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David Holloway on: The Impact of Hiroshima on the Soviet Nuclear Program
David Holloway Q: Tell me what impact the atomic bombing of Hiroshima had on the Soviet nuclear program?

DH: The Soviet project was expanding early in 1945, but it was expanding at a fairly kind of measured pace. And then in August, 1945, in fact two weeks to the day after Hiroshima, Stalin signs a decree which turns it into a crash program. You know, setting up new management bodies for the project, and essentially laying the basis for a program to build a Soviet bomb as soon as possible. So speed is now of the essence. And that's what we see immediately after Hiroshima.

Q: Stalin tells the scientific director of the project Igor Kurchatov that he should conduct the atomic bomb project on a Russian scale. What does he mean by that?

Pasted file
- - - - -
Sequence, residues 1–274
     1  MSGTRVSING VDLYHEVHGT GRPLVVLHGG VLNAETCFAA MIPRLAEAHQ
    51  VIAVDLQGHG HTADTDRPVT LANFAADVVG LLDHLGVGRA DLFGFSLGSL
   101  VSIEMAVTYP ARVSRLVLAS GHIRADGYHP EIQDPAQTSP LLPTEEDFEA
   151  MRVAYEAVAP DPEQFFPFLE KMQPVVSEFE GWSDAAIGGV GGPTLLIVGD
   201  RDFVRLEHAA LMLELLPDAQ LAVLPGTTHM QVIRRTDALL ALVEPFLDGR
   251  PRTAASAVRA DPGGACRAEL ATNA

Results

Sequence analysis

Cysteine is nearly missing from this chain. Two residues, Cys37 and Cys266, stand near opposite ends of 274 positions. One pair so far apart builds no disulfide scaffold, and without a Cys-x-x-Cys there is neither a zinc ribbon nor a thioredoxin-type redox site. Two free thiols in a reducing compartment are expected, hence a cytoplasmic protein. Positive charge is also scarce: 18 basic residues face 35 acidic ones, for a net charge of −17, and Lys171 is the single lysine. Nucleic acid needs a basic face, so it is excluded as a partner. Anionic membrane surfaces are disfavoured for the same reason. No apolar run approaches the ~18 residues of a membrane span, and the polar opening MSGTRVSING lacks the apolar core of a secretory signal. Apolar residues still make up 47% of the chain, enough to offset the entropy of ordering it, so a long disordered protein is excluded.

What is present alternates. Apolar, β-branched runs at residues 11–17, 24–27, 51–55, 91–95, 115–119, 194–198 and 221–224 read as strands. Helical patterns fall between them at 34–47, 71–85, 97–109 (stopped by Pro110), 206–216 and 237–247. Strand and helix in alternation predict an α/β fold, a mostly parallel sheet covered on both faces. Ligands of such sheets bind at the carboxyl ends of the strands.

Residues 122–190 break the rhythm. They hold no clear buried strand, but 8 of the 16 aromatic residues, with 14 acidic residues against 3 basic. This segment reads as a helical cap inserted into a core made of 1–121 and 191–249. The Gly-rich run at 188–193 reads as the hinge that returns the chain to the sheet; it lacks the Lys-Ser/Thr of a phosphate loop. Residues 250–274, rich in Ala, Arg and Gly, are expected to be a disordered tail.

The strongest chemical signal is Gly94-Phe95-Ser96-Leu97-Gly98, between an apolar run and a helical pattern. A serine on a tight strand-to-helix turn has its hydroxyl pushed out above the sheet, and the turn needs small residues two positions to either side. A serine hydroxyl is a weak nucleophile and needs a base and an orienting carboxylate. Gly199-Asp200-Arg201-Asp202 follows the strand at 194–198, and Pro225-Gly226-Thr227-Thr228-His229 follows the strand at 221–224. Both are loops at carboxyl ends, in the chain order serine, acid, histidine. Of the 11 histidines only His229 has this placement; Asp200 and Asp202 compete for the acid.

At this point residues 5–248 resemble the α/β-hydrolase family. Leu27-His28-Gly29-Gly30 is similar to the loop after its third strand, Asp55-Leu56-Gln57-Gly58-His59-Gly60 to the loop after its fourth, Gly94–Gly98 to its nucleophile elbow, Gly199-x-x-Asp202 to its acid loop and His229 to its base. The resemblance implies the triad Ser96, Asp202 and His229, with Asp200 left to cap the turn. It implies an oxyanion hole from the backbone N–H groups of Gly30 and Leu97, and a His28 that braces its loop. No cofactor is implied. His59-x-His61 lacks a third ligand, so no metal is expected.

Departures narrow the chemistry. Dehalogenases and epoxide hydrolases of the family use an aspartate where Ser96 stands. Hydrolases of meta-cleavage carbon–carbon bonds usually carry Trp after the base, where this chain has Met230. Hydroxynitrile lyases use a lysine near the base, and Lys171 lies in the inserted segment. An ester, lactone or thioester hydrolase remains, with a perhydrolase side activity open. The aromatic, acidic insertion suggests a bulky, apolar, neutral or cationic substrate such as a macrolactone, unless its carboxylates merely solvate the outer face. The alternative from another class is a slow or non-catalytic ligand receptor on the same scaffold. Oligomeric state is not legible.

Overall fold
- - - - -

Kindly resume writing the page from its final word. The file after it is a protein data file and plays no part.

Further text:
DH: Yes. [Soviet leader Joseph Stalin] has a meeting with [Igor] Kurchatov. It's in fact a little bit after Hiroshima, in January of 1946 he calls Kurchatov in for a kind of pep talk. And he says, "Yes, do this, you know, give us the bomb, but do it on a Russian scale." And what he means by that is, "Don't think of the cost. Do it expensively. Don't be penny-pinching about it. You know, this is a big thing. It's very important. Do it on a -- if you like, kind of aristocratic way. Don't be too concerned about what it is costing. Don't try to do it cheaply. This has got to be done. It overrides, you know, in priorities, so many other things."

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